In these vital moments of communion, it could feel as though the departed were with us one last time, briefly resurrected by the sheer power of our collective love, to share that closing prayer, that parting glass, that final hug.
Even in the horrible times of wars and hurricanes and terrorist attacks that seemed to crumble the ground beneath our feet, we at least had time-tested ways of grieving that helped us take that first hesitant step forward.
Now, for most of those who died in the past few months, there were no large gatherings of consolation and recited prayers for peaceful rest. The obituaries that filled our local newspapers and Facebook pages sometimes read like an unending roll call of the coronavirus dead.
Every death notice, virus-related or not, seemed to close with: Due to health concerns and restrictions on gatherings, there will be no funeral services at this time. A celebration of life will be held at a time to be announced.
A virtual memorial service was held instead, perhaps, with mourners praying into laptop screens. Followed by a burial, perhaps, with masked mourners watching from their cars as another coffin was received by the earth.
In a larger sense, the suspension of our familiar rituals of burial or cremation reflected what life in a pandemic has been like. The absence of any clear end.
Even the dead have to wait.
Why has this happened in the United States of 2020? Why has the virus claimed a disproportionately large number of black and Latino victims? Why were nursing homes so devastated? These questions of why and how and whom will be asked for decades to come.
For now, all we can do is hold our collective breath, inch toward some approximation of how things were — and try to process a loss of life greater than what the country incurred in several decades of war, from Vietnam to Iraq.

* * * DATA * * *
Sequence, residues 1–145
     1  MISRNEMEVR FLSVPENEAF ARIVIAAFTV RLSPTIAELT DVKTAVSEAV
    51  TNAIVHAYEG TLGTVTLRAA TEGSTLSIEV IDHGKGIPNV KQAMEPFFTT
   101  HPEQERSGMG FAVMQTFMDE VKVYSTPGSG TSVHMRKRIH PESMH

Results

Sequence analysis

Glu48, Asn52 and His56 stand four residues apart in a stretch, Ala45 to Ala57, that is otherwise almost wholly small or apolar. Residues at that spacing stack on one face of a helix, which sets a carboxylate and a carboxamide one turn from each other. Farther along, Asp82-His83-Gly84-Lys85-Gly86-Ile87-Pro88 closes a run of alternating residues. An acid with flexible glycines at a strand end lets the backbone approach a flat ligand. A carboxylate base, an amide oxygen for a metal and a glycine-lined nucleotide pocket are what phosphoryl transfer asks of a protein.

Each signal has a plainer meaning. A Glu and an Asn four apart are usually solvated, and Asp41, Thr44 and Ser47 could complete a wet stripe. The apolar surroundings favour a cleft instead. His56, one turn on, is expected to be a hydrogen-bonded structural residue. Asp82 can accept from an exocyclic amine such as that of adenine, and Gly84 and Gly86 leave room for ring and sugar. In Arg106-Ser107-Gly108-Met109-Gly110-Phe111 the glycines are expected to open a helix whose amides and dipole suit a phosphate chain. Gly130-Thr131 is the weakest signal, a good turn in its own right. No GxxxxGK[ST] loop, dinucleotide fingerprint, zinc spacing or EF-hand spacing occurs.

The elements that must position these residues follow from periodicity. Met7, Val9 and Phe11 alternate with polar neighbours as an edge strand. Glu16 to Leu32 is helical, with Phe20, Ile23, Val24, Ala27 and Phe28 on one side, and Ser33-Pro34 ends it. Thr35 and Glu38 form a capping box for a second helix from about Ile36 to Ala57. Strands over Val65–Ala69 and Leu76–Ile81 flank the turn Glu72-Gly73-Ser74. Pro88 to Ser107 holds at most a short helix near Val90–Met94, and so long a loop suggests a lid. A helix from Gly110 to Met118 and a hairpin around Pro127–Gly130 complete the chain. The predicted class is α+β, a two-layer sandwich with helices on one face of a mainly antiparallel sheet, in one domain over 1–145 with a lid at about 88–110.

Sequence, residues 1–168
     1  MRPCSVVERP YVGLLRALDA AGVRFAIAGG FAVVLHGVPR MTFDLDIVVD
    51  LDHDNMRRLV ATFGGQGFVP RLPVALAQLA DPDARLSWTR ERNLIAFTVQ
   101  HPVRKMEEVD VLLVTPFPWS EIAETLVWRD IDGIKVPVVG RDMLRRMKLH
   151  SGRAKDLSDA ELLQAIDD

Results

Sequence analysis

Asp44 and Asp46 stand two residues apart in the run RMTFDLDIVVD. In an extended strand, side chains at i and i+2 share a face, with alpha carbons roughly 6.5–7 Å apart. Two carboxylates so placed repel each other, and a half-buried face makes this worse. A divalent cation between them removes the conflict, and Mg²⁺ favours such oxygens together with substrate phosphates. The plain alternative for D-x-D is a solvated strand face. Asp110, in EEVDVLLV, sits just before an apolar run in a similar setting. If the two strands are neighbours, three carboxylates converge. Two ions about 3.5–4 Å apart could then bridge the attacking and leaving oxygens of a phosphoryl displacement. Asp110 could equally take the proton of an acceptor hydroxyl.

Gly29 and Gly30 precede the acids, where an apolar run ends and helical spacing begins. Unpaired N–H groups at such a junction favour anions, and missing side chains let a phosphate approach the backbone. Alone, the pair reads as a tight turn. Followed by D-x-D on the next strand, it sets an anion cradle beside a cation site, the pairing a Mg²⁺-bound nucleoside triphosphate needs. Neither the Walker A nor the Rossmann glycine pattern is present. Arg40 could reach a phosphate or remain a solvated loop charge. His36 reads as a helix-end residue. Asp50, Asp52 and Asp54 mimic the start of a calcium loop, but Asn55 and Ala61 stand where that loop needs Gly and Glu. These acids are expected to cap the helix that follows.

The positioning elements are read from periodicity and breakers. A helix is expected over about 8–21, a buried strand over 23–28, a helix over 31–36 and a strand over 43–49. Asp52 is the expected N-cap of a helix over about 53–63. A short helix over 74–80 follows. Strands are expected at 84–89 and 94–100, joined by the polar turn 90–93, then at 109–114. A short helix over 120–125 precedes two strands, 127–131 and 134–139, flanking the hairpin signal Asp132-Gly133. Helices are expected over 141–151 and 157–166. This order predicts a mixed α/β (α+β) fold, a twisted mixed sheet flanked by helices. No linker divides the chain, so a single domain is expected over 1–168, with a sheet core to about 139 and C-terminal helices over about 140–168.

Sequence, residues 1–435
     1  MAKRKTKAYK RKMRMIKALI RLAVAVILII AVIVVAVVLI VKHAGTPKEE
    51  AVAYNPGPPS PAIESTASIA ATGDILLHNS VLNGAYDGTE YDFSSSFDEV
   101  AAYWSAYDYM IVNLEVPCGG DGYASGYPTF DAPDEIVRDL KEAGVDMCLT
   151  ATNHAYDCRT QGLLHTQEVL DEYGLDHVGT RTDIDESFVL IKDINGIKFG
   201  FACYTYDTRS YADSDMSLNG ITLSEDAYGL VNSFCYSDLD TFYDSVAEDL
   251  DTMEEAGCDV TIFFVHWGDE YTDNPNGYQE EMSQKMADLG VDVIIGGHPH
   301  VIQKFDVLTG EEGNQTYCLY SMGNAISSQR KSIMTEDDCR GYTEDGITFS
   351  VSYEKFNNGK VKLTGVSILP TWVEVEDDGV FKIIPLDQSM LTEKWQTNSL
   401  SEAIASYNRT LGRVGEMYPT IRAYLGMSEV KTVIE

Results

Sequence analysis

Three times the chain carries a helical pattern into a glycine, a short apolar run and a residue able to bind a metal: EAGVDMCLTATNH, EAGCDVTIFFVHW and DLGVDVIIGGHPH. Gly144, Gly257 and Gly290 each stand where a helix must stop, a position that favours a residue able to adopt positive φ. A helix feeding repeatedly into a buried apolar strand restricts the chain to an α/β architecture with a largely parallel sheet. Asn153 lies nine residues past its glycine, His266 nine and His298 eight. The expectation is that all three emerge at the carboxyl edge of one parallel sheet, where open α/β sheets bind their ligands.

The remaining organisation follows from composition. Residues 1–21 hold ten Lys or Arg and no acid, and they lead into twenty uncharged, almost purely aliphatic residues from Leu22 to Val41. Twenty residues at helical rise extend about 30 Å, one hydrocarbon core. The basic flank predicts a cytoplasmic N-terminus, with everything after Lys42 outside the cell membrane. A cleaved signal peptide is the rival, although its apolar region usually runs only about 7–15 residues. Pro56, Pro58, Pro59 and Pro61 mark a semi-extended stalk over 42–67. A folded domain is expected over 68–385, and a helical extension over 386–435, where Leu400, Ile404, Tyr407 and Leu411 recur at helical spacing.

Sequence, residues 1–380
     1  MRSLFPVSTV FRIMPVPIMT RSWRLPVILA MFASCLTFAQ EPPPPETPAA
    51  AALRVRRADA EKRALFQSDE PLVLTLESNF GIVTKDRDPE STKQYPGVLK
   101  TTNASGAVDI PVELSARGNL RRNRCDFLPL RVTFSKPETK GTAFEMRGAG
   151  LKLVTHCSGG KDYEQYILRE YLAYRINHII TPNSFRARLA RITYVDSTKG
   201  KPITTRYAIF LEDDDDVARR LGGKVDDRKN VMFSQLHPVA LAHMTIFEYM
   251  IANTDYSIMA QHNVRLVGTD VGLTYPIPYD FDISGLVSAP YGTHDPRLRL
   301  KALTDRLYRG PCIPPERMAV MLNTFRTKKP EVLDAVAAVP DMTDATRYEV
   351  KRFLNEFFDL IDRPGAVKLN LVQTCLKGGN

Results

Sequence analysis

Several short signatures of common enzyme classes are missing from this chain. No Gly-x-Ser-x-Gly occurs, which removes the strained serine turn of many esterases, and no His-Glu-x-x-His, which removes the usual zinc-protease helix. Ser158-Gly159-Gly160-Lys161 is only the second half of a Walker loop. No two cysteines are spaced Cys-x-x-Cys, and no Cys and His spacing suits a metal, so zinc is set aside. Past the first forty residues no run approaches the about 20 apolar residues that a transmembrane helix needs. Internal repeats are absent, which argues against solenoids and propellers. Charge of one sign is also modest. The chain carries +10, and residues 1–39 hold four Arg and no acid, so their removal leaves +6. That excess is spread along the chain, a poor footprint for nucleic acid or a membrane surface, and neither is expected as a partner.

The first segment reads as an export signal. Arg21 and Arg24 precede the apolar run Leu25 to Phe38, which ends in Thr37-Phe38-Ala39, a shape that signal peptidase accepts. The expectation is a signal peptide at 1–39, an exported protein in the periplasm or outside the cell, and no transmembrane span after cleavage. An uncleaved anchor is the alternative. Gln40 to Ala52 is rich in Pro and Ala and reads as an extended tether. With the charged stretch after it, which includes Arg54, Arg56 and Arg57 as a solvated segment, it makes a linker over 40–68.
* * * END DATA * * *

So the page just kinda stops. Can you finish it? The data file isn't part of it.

One hundred thousand.
A threshold number. It is the number celebrated when the family car’s odometer ticks once more to reach six digits. It is the number of residents that can make a place feel fully like a city: San Angelo, Texas; Kenosha, Wisconsin; Vacaville, California.
So imagine a city of 100,000 residents that was here for New Year’s Day but has now been wiped from the American map.
One hundred thousand.
Den mother for Cub Scout Pack 9. Manager of the produce department. Tavern owner. Nurse to the end.
Loved baseball. Loved playing euchre. Loved seeing the full moon rise above the ocean.
Man, could she cook.
Always first on the dance floor. Always ready to party. Always gave back.
Preferred bolo ties and suspenders.
Awarded the Bronze Star. Served in the Women’s Army Corps. Survived the sinking of the Andrea Doria. Competed in the Special Olympics. Immigrated to achieve the American dream.
Could quote Tennyson from memory.
A number is an imperfect measure when applied to the human condition.
One. Hundred. Thousand.
Beyond washing your hands, wearing a mask and keeping your social distance, what kind of comfort and compassion are you looking to give and looking to receive from others during this time of the pandemic?